It took just seconds for five decades of Longannet Power Station’s industrial history to tumble in a cloud of dust.
Opened in the early 1970s, Longannet started its life as the largest coal fired power station in Europe.
But on Thursday morning First Minister Nicola Sturgeon pressed the button to detonate 700kg of explosives.
And the last of a structure that once provided enough electricity for up to two million homes was reduced to a pile of rubble.
Longannet workforce was ‘one big family’
Among those invited by ScottishPower to watch the tower’s last moments at the site near Kincardine was former local councillor Willie Ferguson.
Willie worked at Longannet for four decades, following in the footsteps of his father.
His uncles and daughter were also employed at the plant.
“It was a huge part of my life – for myself and my family. A lot of family worked here.
“It’s sad to see it go.
“For me today is about reflecting on the amount of people I worked with. Friends, some of whom aren’t with us any more.
“That was a big part of Longannet. It was one big family.
“And it supported the local community in many, many ways.”
But he said it was time to move on.
And Willie hopes the interest that Spanish rail firm Talgo previously expressed in the site will result in new industry to sustain the local economy.
“We’ve got to move on. We’ve got to create work in the area for the youngsters coming up, and support families.
“There was talk of a rail factory coming here. Hopefully that can still happen.
“It’s a massive site so it will attract future employment, I’m sure.”
‘Bring them down, blow them up, blow them down’
Before it was closed down in March 2016, Longannet was Scotland’s last coal burning power station.
But the chimney continued to dominate the Forth skyline for another five and a half years.
Many former workers expressed sadness at the decision to demolish it.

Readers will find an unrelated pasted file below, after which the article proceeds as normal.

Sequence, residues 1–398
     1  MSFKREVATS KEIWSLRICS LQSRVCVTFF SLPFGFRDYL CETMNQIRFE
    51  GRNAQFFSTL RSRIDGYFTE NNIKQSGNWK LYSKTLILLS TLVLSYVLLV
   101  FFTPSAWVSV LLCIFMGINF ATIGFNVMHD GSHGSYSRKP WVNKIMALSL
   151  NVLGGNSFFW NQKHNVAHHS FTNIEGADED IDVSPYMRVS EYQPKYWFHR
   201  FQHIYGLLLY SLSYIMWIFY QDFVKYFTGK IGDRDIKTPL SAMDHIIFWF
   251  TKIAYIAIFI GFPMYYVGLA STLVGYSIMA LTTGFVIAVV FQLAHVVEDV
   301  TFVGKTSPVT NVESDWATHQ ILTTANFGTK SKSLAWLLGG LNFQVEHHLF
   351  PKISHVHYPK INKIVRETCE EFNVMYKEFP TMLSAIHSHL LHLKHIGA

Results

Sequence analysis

But ScottishPower chief executive Keith Anderson said there was no other option.
He said the move was symbolic of the need to make coal burning history and address the climate crisis.
“At COP26 a few weeks ago in Glasgow, one of the main things we said was that it wasn’t enough just to shut down coal plants.
“We have to actually bring them down, blow them up, blow them down.
“Because then there can be no doubt and there can be no going back.”
Before the dynamite was detonated, the Longannet stack was Scotland’s largest freestanding structure.
The ScottishPower boss said by taking it down, Scotland was sending “a really important message” to the rest of the world.
“This isn’t a journey where you leave options open to go back the way.
“This is a one way journey, and we need to get to that net zero target.
“And with the demolition today, Scotland can truly claim that it has done that. That it has shut down, and there is no going back to coal.”
Mixed feelings over loss of landmark
Richard Hardy was a trade union official involved in the negotiations over Longannet’s closure.
He was there for the last shift in March 2016.
“I certainly have mixed feelings on the demolition of the stack.
“For so long a dominating landmark for Fifers like me, it’s sad to see its end.
“And a sadness that it also represents a workplace that provided good, high quality jobs to many thousands of workers through its lifespan now over.
“Many families saw multiple generations working there.”
However, he said the closure of Longannet had shown how Scotland is “at the forefront of a just transition to a net zero economy”.
“It’s fall also represents a real transition from coal, and there is much in that transition to be happy about.”
Overseeing the blow down was ScottishPower’s Michael Meechan, who is also a former Longannet employee.
“It’s always a sorry time to see such a big, nice piece of engineering come down.
“It’s almost been quite hard to justify getting rid of it.
“And it’s a sad day for folk who have worked here for a long time. But the days of these giant stations are done. We’re now moving on to renewables – windfarms, solar and all the rest – to decarbonise the industry.”